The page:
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Board of Liquidators v.

Heirs of Kalaw (1967)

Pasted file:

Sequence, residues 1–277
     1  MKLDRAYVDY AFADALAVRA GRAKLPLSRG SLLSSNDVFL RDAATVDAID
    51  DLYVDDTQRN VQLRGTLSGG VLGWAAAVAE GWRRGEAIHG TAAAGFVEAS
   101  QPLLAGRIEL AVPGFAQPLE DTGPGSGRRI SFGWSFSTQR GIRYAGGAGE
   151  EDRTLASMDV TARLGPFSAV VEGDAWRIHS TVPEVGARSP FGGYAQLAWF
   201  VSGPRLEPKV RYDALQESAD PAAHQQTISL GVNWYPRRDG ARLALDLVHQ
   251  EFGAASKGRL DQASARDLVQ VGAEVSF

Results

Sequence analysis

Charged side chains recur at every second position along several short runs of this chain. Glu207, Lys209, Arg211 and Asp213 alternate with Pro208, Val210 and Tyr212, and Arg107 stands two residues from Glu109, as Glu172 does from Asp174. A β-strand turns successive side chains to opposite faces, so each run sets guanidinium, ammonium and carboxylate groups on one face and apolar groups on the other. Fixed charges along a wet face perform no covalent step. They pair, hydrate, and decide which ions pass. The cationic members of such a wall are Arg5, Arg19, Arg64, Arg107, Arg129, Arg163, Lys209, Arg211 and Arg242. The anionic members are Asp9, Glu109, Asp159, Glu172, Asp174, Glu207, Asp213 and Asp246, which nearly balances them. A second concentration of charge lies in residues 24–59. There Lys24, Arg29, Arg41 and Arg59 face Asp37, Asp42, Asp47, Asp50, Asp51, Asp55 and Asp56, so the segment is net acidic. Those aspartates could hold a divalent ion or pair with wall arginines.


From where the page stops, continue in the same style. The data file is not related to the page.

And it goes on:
Doctrine: It is possible for an express provision of the by-laws to be violated and the Board may, in certain corporate actions, bind the corporation in spite of the fact that it is contrary to the by-law provision. There are 2 ways by which corporate actions may come about through its Board of Directors: o The board may empower or authorize the act or contract; or o Ratification from the board As long as there is approval by the board, express or implied, it is valid to bind the corporation. Facts: National Coconut Corporation (NACOCO) was a chartered as a non-profit governmental organization, in charge of all transactions involving coconut and its by-products. Maximo Kalaw sat as its General Manager and board chairman. Because of 4 typhoons that hit the country in, NACOCO was unable to fulfill its obligations under the numerous contracts it entered into with several buyers. The aggrieved buyers threatened to bring damage suits but most of these were settled, except for one who actually pushed through with the suit (Louis Dreyfus ltd.). Subsequently, NACOCO was abolished by EO 372, giving the Board of Liquidators the function of settling and closing its affairs. All the settlements sum up to P1,343,274.52. It is this sum that NACOCO, through the Board of Liquidators, now seeks to recover from General Manager Kalaw and the other two directors, charging the latter with negligence and bad faith/breach of trust for having approved entered into the aforementioned unprofitable contracts. It is alleged that while the by-laws required prior approval of the board, Kalaw entered into the contracts alone as general manager and without the boards prior approval. Sometime after, Kalaw died and the suit was brought against his estate. Issues: 1. W/N Kalaw and the rest of the board were guilty negligence and bad faith and/or breach of trust for having entered into the unprofitable contracts 2. [civpro related] w/n the action survives his death; and if so, is his heirs liable Held: HELD: 1. NO. Under the circumstances, Kalaws acts were valid corporate acts. Although the bylaws required that a general manager first procure approval of the board members before entering into contracts that would bind the corporation, the contrary practice by Kalaw was ratified by the Board. Evidence shows that it was the practice of the corporation to allow its general manager to negotiate contracts, in its copra trading for and in NACOCOs behalf, without prior board approval. The Court ruled that if the by-laws were to be literally followed, the board should give its stamp of prior approval on all corporate contracts. But [in this case] the board itself, by its acts and through acquiescence, practically laid aside the by-law requirement of prior approval [please see above doctrine] 2. [civpro related] The action, being one for a tort, does survive his death.